Objectives should be prioritised into a hierarchy of objectives. Objectives should be measurable -External Audit – reviews the macro-environment *The SWOT Analysis* – Situation analysis in which internal strengths and weaknesses of an organization, and external opportunities and threats faced by it are closely examined to chart a strategy. -Strengths and Weaknesses – List the most critical and grade them Business Portfolio Analysis – The collection of businesses and products that make up the company Portfolio analysis: {text:list-item} {text:list-item} Marketing Planning – Marketing plays a key role in the strategic planning process.

Marketing must work with other functions to develop a system of plans that will best accomplish the firm’s overall objectives and achieve customer satisfaction Marketing Environment – Actors and forces affecting management’s ability to develop and maintain successful relationships with its target customers. The Macro-environment: includes the larger societal forces, E. g. demographic, economic, natural, technological, political and cultural forces The buying behaviour of the final consumers, individuals and households who buy goods and services for personal consumption. The Stimulus-Organism-Response Model Considering the *Dimensions of Consumer *Behaviour Key = Obtaining an understanding as to how the consumer (the Organism) responds to stimuli.

Understanding how: [1] Buyer Characteristics influence what individuals perceive and how they react to stimuli. [2] The Buyer’s Decision Process influence behaviour. [1] Buyer’s Characteristics Cultural Factors: Culture (Human behaviour is predominantly learned behaviour from family and other important institutions, Basic cause of person’s wants and behaviour) Subculture (_nationalities, religions, racial groups_…) – Group sharing similar value systems based upon life experiences and situations Social class – Relatively permanent and ordered divisions in a society whose members share similar values interests and behaviour. Class systems differ in size and constituents. Lower social classes are more culture-bound.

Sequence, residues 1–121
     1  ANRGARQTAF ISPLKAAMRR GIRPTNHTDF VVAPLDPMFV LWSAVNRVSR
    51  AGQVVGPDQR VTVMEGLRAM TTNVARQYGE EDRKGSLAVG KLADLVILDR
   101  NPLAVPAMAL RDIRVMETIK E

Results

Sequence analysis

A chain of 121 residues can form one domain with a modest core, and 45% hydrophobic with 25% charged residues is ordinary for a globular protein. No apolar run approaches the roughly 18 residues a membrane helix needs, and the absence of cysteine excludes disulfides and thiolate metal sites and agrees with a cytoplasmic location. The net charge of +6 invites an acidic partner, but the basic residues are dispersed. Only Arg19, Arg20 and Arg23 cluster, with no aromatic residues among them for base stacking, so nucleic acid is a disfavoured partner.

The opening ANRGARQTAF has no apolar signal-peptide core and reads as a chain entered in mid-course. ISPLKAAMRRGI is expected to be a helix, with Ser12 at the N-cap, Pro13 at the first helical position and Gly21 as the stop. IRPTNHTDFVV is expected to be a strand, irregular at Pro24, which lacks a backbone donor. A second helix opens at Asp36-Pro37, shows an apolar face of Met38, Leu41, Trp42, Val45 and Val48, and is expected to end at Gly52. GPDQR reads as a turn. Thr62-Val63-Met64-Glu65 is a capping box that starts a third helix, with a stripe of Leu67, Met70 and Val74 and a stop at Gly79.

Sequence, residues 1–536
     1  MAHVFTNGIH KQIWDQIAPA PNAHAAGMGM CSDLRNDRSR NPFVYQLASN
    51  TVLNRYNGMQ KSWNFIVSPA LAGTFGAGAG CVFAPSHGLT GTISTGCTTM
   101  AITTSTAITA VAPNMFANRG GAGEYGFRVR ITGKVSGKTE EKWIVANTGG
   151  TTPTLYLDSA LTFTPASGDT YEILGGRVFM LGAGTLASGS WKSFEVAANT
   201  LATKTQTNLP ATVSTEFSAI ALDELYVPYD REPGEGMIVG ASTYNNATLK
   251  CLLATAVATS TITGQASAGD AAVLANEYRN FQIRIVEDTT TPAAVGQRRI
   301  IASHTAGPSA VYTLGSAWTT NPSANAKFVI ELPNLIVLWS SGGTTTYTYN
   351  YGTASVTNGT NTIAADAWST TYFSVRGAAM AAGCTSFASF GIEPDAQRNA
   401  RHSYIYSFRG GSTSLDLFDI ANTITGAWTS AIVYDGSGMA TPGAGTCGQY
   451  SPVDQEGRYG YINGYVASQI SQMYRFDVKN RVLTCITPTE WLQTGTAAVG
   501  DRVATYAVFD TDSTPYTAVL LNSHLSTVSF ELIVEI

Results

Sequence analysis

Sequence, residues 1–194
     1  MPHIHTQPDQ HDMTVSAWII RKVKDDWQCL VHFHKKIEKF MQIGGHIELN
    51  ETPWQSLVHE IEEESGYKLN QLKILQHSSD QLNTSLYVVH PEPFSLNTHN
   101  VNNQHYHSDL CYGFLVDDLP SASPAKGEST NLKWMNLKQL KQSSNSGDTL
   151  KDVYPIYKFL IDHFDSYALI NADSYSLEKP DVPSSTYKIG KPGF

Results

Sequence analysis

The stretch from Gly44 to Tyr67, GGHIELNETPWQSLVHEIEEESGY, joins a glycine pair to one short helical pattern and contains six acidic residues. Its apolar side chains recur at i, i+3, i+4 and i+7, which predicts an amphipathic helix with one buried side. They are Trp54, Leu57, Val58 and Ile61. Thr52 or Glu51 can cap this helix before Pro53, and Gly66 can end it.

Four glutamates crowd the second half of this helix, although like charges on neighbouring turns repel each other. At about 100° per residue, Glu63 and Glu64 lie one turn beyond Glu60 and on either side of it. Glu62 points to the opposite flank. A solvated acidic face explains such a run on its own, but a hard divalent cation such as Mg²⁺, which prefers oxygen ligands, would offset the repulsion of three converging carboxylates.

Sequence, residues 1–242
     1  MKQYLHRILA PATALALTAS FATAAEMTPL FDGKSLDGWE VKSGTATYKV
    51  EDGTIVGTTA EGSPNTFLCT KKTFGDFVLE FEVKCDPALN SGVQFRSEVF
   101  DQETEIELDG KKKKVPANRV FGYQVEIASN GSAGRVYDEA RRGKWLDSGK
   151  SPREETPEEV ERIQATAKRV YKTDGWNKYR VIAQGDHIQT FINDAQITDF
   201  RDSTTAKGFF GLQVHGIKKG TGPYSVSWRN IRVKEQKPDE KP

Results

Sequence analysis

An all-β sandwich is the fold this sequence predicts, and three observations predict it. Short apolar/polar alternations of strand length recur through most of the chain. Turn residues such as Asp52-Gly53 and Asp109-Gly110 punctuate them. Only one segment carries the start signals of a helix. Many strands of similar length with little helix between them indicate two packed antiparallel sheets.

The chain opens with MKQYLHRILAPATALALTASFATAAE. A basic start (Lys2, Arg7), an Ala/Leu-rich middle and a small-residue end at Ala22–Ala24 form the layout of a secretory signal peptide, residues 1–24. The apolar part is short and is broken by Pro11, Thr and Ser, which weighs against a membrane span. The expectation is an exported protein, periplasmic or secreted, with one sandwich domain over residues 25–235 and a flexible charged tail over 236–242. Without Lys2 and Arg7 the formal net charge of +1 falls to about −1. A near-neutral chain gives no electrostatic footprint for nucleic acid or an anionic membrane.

Young people of all classes are less so Family: ‘Family of Orientation’ (parents, siblings…), ‘Family of Procreation’ (spouse, children…) 5 Consumer Buying Roles:- Influencer – gathers info; tries to persuade others Decider – authority or power to make decision Buyer – conducts the transaction Personal Factors: Age and life cycle phase, Psychological life cycles (Changing interests), Occupation, Economic circumstances (Savings and buying power), Lifestyle (Pattern of living expressed in activities, Psychographics is the technique of measuring lifestyles, Personality and self-concept The ‘traditionalist’ **18% – Influenced by culture and socio-economic history, specific to their country The ‘homebody’ **14% – Strong attachment to roots and childhood environment The ‘rationalist’ **23% – Ability to cope with complex environments, entrepreneurial, Personal fulfilment based on self-expression rather than financial reward The ‘pleasurist’ **17% – Emphasises sensual and emotional experiences The ‘striver’ **15% – Holds beliefs, attitudes and values that underlie change The ‘trend setter’ **13% – Favours non-hierarchical structure and spontaneity Perception: Selective attention ‘ screen out stimuli which are not meaningful or consistent with our experiences and beliefs, Selective distortion ‘ we interpret things within our on framework of beliefs, Information framing ‘ the way in which we present information to people.